Mature Love (sexual and spiritual intimacy) 9. Learning objectives: The learning objectives of this unit are as follows: 1. and choices. A significant portion of the values an individual holds is established in the early years—from parents. Family Security (taking care of loved ones) 5. and others. Pleasure (an enjoyable. An Exciting Life (a stimulating. Health (physical and mental wellbeing) 7. Inner Harmony (freedom from inner conflict) 8. They are :Terminal values and Instrumental values. Salvation (saved; eternal life) 12. SelfRespect (selfesteem) Sikkim Manipal University 53 . Each set contains 18 individual value items. Ethics And Job Satisfaction Unit 5 Values build the foundation for the understanding of attitudes and motivation of an individual. friends. National culture and values 3. Attitudes 5. proposed two sets of values. Values shape relationships. The more positive our values. behaviors. teachers. Types of Values 2. more positive are people’s actions. since. Instrumental values refer to preferable modes of behavior. in his Value Survey (Rokeach Value Survey RVS).2 Types Of Values Rokeach. The terminal values and instrumental values proposed by RVS are listed below: Terminal values 1. A comfortable life (a prosperous life) 3. National Security (protection from attack) 10. Terminal values refer to desirable endstates of existence. the goals that a person would like to achieve during his/her lifetime. or means of achieving the terminal values. This survey proposed that people in the same occupations or categories tend to hold similar values.Value. active life) 4. leisurely life) 11. Freedom (independence and free choice) 6. Equality (brotherhood and equal opportunity for all) 2. value has a great impact on perceptions.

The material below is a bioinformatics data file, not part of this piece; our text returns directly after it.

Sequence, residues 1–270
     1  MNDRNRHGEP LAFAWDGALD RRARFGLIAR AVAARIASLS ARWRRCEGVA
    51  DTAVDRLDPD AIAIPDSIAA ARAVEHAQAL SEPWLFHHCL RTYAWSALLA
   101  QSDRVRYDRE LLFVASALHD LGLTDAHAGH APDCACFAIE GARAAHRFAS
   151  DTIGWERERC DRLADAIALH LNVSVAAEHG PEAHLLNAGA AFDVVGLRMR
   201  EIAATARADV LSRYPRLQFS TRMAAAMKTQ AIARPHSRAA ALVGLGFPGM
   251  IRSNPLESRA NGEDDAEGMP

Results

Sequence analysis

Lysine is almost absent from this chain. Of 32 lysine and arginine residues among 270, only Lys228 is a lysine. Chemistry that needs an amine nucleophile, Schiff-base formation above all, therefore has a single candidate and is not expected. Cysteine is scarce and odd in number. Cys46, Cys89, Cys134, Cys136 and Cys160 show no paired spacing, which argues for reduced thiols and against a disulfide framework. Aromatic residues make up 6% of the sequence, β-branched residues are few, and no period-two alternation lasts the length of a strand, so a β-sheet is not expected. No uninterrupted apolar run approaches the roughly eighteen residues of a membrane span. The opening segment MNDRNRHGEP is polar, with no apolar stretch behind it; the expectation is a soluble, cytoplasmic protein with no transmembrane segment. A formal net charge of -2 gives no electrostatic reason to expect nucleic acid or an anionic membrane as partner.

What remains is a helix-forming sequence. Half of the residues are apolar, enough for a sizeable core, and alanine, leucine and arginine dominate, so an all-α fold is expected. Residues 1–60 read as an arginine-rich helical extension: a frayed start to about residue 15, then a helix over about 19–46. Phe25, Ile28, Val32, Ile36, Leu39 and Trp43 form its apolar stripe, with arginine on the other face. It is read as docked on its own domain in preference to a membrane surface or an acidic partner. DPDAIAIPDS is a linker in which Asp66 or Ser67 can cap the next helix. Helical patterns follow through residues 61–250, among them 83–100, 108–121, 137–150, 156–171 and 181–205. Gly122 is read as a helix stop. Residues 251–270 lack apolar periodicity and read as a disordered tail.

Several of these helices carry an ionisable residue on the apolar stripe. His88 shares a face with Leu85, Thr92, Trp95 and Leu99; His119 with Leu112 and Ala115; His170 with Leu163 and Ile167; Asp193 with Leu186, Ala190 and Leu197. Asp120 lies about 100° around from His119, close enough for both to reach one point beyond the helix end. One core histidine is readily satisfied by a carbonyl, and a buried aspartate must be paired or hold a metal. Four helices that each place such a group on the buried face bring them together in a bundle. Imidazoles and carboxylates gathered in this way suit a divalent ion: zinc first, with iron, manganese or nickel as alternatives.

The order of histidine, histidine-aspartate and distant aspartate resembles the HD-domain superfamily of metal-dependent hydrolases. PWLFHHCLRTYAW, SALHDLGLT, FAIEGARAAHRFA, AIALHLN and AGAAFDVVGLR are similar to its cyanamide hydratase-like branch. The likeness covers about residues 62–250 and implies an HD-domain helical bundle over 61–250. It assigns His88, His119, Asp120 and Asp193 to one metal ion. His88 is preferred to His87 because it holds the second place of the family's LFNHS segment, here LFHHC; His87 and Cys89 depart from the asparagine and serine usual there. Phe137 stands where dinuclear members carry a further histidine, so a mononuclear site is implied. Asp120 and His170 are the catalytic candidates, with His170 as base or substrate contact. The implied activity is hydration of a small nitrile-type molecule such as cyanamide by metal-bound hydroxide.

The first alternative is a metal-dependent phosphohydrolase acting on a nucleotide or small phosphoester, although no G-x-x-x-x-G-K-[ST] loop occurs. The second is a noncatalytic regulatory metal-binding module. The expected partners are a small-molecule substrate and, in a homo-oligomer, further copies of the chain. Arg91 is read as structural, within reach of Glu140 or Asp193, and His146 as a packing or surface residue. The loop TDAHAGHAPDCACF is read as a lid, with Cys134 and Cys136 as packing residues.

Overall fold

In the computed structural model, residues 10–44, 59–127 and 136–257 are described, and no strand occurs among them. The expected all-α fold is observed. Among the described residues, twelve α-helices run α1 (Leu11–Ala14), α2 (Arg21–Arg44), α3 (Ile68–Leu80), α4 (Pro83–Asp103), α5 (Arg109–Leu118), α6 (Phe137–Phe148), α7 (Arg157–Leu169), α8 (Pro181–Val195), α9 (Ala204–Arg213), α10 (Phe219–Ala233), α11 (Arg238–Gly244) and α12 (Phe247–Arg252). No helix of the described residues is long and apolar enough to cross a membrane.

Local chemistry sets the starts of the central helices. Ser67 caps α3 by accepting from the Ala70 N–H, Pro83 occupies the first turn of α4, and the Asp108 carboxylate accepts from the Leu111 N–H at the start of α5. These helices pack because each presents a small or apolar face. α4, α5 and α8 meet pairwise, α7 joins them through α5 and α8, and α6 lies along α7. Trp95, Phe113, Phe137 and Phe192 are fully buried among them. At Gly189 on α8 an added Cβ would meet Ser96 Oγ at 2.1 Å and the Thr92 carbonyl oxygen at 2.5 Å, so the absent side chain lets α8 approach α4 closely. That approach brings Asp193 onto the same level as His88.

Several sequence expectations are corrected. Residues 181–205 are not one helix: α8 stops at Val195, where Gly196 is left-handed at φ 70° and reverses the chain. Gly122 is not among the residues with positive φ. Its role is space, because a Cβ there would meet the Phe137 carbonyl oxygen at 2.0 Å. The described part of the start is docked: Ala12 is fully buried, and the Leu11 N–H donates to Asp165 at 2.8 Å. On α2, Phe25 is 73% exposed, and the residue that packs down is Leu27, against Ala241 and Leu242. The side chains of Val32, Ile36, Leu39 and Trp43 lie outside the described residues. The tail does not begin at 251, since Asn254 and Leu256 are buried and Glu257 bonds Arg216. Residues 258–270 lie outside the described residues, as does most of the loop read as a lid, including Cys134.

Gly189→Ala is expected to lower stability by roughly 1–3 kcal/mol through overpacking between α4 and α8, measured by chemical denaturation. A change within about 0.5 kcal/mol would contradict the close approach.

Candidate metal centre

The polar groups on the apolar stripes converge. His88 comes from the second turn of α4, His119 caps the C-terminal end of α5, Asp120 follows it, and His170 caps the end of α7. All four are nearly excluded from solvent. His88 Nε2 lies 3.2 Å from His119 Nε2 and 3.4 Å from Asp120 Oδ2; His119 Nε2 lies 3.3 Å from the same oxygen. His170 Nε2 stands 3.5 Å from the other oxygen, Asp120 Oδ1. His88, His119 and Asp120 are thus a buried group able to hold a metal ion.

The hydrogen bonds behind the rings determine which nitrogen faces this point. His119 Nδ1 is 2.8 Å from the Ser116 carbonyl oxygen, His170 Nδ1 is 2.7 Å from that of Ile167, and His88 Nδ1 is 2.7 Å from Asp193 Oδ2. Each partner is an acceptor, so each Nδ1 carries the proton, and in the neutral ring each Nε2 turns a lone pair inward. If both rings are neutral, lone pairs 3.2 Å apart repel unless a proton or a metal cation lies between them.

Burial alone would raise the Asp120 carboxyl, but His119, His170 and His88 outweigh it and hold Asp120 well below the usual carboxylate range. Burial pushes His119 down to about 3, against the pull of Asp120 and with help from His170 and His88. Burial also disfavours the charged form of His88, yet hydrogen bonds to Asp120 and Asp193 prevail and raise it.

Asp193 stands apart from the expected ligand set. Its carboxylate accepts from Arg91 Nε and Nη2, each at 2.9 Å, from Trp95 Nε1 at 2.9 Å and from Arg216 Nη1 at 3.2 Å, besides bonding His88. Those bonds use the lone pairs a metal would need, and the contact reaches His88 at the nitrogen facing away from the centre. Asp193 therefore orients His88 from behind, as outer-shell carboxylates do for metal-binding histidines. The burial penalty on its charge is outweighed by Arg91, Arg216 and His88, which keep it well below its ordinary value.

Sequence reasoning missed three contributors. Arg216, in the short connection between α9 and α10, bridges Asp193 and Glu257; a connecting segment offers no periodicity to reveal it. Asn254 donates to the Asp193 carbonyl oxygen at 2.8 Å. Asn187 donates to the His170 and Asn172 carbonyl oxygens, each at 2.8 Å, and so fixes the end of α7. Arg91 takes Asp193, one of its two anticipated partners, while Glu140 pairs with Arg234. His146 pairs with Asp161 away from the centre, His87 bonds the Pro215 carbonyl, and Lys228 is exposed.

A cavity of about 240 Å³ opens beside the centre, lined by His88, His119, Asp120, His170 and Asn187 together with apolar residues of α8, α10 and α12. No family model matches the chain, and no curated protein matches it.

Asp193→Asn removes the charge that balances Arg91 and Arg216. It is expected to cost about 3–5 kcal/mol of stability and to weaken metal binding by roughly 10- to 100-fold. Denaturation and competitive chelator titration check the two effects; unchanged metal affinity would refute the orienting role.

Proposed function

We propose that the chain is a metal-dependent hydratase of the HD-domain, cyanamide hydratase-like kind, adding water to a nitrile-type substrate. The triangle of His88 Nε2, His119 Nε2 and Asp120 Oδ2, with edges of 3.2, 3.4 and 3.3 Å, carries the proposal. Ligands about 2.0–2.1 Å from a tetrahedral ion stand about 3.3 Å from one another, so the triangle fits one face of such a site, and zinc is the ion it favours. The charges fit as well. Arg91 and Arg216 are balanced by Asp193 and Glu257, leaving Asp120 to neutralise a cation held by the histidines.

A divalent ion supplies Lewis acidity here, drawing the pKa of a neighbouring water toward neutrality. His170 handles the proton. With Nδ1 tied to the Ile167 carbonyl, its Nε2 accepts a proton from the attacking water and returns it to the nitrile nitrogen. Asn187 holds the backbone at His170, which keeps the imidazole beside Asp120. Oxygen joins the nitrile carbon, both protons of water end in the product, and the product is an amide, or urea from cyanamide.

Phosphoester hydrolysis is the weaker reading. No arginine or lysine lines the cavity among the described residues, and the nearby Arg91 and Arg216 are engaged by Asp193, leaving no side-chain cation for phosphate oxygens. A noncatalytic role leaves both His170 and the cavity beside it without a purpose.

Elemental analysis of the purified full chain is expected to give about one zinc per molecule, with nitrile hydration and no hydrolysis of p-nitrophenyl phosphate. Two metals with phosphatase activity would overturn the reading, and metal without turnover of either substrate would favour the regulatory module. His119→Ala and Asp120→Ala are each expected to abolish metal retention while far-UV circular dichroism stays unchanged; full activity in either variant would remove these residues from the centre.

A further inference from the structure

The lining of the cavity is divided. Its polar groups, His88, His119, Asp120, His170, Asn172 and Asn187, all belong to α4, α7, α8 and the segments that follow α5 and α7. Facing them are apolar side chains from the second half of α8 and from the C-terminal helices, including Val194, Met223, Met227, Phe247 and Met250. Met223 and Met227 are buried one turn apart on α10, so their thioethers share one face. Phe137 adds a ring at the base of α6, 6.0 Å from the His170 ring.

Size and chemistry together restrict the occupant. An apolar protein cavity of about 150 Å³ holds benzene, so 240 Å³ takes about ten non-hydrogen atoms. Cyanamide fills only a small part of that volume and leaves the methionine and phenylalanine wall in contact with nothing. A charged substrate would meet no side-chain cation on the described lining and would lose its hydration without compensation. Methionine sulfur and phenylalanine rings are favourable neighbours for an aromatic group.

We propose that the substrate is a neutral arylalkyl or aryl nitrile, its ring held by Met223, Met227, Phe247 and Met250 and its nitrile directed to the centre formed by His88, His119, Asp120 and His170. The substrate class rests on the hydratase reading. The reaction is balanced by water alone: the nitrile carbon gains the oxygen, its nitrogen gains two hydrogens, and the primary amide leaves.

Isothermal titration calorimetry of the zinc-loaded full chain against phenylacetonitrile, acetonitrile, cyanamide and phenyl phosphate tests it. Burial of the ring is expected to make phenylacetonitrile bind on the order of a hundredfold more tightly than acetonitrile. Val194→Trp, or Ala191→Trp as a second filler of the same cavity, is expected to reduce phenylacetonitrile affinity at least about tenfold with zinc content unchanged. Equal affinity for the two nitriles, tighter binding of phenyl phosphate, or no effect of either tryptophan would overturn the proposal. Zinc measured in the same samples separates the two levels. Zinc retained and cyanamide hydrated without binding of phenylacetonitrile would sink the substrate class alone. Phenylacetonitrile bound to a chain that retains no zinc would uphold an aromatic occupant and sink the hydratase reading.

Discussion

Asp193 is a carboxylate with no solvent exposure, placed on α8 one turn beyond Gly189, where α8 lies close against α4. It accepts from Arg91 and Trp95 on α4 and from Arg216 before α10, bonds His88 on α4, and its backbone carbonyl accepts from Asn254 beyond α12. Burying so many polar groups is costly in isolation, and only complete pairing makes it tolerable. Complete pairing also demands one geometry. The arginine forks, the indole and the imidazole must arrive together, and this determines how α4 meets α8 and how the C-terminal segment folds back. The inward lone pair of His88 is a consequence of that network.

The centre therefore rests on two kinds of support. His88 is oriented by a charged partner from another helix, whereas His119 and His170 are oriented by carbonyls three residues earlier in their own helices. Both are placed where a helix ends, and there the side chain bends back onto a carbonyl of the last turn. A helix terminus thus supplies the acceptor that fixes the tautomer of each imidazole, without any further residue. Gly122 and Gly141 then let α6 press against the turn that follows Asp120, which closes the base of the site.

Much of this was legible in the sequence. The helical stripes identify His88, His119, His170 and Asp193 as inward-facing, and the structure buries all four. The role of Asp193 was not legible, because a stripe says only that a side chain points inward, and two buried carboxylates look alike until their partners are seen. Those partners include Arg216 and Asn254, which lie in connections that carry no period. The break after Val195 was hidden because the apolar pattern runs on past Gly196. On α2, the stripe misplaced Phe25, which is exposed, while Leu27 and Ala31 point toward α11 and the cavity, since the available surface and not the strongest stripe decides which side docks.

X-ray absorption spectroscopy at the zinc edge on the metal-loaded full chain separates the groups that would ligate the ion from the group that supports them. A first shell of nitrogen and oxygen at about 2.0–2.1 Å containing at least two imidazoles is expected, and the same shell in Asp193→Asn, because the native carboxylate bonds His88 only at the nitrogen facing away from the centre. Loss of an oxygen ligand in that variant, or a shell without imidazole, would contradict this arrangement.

Selfcontrolled (restrained; selfdisciplined) Self Assessment Questions 1 1. Independent (selfreliant; selfsufficient) 11. Logical (consistent; rational) 13. Ambitious (hardworking and aspiring) 2. Clean (neat and tidy) 5. 2. ___________ values refer to desirable endstates of existence. Loving (affectionate and tender) 14. True Friendship (close companionship) 16. Obedient (dutiful; respectful) 16. Broadminded (openminded) 3. A World at Peace (a world free of war and conflict) 18. Helpful (working for the welfare of others) 8. Ethics And Job Satisfaction Unit 5 13. the goals that a person would like to achieve during his/her lifetime. Capable (competent; effective) 4. Honest (sincere and truthful) 9.Value. Forgiving (willing to pardon others) 7. Social Recognition (respect and admiration) 15. Imaginative (daring and creative) 10. Intellectual (intelligent and reflective) 12. A World of Beauty (beauty of nature and the arts) Instrumental values 1. Loyal (faithful to friends or the group) 15. Courageous (standing up for your beliefs) 6. A Sense of Accomplishment (a lasting contribution) 14. Responsible (dependable and reliable) 18. Wisdom (a mature understanding of life) 17. Polite (courteous and wellmannered) 17. Social Recognition is ____________ value Sikkim Manipal University 54 .